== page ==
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An ideal way to get back into learning and into university

Gary Donaldson shares his experience of articulating from college into a university degree. Articulation is a growing route into university. It allows students to use their Higher National qualifications to enter directly into the second or third year of university. In Gary’s case he started directly in year two of a degree programme after getting…

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Seizing the opportunities presented in the Blueprint for Fairness

Dame Ruth Silver led the work of the Commission on Widening Access over 2015-16 and its final report, A Blueprint for Fairness. The Blueprint, published in March this year, made 32 recommendations focused on widening access to university and reaching the First Minister’s aspiration that a child born in 2015 in the most deprived areas of…

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EU Referendum: the issues as they affect higher education in Scotland

Our Director, Alastair Sim, has written an extended piece for The Scotsman’s ‘Scotland’s future series’, considering the EU Referendum. Alastair considers the impact losing EU funding could have on scientific research in his piece first published on Thursday,  26 May.  Alastair: David Lurie is working on the next generation of MRI scanner. A scanner so…

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How your business can benefit from working with Scotland’s universities

Heather Alexander is Marketing Manager at Interface, the knowledge connection for organisations to universities and research institutions for the support they need to create and develop new products, services and processes. This free and impartial service has been designed to save businesses time and money in finding an academic partner and it has already helped hundreds of…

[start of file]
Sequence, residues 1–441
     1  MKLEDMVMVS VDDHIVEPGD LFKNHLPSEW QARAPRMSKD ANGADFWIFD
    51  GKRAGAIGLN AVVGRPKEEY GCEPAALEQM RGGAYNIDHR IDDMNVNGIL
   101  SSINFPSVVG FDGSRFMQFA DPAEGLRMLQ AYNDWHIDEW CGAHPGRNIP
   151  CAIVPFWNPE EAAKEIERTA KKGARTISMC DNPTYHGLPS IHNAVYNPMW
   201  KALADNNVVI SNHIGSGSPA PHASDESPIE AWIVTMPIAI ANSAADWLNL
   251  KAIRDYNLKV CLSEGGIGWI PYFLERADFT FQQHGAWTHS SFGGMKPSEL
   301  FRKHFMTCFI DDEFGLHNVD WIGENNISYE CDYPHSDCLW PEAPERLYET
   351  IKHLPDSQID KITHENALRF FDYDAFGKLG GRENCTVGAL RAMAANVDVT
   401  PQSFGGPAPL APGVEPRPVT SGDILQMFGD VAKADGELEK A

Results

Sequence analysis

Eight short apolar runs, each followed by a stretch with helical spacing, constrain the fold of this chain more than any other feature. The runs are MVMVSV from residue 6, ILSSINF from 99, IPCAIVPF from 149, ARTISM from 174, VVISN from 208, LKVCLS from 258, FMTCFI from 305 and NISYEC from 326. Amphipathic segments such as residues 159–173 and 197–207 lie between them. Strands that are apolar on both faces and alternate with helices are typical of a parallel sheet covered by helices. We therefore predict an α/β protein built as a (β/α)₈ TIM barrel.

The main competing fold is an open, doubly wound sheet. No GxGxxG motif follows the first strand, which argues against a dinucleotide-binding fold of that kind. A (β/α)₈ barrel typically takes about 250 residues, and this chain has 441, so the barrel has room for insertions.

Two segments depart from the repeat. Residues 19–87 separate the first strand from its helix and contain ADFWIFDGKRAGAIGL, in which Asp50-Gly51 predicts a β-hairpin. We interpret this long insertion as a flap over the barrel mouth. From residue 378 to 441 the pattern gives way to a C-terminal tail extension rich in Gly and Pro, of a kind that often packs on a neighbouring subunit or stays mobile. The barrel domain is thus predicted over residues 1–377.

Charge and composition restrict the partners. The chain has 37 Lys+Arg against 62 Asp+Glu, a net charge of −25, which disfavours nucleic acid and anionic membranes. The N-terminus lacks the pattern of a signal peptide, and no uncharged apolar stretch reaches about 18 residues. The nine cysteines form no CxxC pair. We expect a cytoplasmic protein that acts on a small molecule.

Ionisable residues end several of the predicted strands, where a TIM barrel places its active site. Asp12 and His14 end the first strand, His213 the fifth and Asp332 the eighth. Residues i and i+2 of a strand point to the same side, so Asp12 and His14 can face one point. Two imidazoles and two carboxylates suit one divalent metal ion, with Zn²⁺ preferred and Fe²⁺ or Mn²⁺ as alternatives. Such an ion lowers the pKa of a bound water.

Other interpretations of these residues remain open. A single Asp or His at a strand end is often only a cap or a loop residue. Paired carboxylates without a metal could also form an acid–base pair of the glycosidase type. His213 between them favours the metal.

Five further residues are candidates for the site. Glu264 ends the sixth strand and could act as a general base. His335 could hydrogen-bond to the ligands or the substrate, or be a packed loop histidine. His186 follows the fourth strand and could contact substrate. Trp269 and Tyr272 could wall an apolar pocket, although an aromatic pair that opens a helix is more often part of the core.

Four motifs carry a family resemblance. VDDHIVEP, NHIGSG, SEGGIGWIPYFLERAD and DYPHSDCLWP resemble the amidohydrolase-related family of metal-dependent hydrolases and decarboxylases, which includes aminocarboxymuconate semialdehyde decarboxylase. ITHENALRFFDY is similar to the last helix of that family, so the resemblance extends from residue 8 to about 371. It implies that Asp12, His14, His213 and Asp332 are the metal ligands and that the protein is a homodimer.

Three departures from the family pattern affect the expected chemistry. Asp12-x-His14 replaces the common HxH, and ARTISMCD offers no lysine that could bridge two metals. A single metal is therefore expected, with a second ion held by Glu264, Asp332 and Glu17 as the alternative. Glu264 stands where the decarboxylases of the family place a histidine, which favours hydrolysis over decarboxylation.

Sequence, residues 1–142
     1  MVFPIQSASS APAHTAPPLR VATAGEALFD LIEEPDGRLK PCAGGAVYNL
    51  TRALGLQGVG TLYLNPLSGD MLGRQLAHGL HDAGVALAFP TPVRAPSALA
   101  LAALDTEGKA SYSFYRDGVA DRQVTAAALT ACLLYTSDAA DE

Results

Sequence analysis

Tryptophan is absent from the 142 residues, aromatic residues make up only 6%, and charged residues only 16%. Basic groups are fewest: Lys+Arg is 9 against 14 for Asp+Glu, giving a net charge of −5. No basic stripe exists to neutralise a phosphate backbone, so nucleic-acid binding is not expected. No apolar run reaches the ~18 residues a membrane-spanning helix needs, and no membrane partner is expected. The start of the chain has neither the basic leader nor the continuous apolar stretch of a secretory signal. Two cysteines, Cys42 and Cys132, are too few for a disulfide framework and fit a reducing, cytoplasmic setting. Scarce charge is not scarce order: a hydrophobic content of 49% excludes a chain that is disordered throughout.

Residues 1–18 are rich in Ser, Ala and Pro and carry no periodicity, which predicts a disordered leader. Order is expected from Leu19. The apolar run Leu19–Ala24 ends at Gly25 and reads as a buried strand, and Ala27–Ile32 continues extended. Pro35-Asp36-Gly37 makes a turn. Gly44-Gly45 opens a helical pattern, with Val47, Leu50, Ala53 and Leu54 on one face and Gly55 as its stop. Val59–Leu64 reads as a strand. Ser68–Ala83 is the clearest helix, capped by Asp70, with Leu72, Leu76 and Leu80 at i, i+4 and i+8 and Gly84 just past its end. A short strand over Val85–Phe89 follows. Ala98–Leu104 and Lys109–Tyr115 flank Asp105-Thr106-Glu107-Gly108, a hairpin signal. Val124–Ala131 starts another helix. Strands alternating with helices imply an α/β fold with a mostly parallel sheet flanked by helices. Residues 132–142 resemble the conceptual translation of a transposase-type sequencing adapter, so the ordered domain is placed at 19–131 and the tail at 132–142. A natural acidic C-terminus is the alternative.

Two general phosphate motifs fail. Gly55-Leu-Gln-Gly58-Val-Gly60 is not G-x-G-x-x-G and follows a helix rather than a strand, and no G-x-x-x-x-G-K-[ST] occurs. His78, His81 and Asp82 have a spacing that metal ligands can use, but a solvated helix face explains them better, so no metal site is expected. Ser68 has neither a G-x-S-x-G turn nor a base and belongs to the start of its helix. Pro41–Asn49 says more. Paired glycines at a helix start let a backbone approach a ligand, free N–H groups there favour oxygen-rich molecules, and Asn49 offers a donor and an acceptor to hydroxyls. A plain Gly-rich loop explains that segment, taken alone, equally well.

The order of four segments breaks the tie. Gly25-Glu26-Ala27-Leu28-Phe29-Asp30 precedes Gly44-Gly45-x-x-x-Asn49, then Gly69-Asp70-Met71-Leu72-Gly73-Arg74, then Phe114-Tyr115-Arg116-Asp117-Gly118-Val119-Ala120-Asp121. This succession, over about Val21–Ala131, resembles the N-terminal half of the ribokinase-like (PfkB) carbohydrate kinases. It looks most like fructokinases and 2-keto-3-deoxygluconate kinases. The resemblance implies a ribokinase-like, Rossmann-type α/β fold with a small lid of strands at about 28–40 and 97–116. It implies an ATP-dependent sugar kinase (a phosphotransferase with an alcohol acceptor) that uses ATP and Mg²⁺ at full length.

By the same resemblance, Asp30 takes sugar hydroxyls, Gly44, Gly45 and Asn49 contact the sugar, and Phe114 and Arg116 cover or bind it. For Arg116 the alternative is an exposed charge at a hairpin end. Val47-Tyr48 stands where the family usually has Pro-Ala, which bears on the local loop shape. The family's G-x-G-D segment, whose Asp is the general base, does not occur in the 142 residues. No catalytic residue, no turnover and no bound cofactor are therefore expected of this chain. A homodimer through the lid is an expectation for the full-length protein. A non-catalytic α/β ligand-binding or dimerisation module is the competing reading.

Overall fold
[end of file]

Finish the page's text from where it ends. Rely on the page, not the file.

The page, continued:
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Philanthropy supports research which changes lives

[vc_row][vc_column][vc_column_text]Siddharthan Chandran is the MacDonald Professor of Neurology at the University of Edinburgh and Director of both the Euan MacDonald Centre for Motor Neurone Disease Research and the Anne Rowling Regenerative Neurology Clinic.  Professor Chandran works in the emerging discipline of Regenerative Neurology, combining laboratory and clinical research to understand and work towards new therapies…

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What next for Scottish higher education after the 2016 Scottish Parliament election?

Scots will go to the polls on Thursday 5 May to choose who gets to form a Scottish Government for the next five years. With the campaign in full swing, and with just one more manifesto to be published, our Director, Alastair Sim, writes about what the outcome of the election could mean for Scotland’s…

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Inspiring our children to learn

[vc_row][vc_column][vc_column_text]The Children’s University at Queen Margaret University Edinburgh encourages children between the age of 7 to 14 to take part in out-of-school learning activities using Passports to Learning. In doing so it makes learning fun and raises aspirations and expectations of going to university amongst children from a young age. The recent report from the…

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Access to HE at home and abroad

Our Director, Alastair, blogs from Pakistan where he has spent the week with the British Council exploring potential partnerships between Scottish and Pakistani HE. Alastair Sim: It’s been a week of contrasting perspectives on widening access to university. The first excitement was the publication of the Commission on Widening Access’s report ‘A Blueprint for Fairness’. That…

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Gravitational waves: Scottish university research with global impact

[vc_row][vc_column][vc_column_text]Professor Martin Hendry is Professor of Gravitational Astrophysics and Cosmology at the University of Glasgow, and Chair of the Institute of Physics Scotland. He is part of Glasgow University team at heart of an international effort proving Albert Einstein’s theory of gravitational waves. Professor Hendry: On September 14th 2015, just before 10am Greenwich Mean Time, the Earth…

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UK policy on post study work visas: what works and what doesn’t

Maulin Buch came to Scotland from India to study at the University of Glasgow. After graduation he converted to the Fresh Talent visa that was available to international students in Scotland between 2004-2008. It allowed him up to two years to find a ‘graduate level’ job and settle into a career path in Scotland. Maulin comments…

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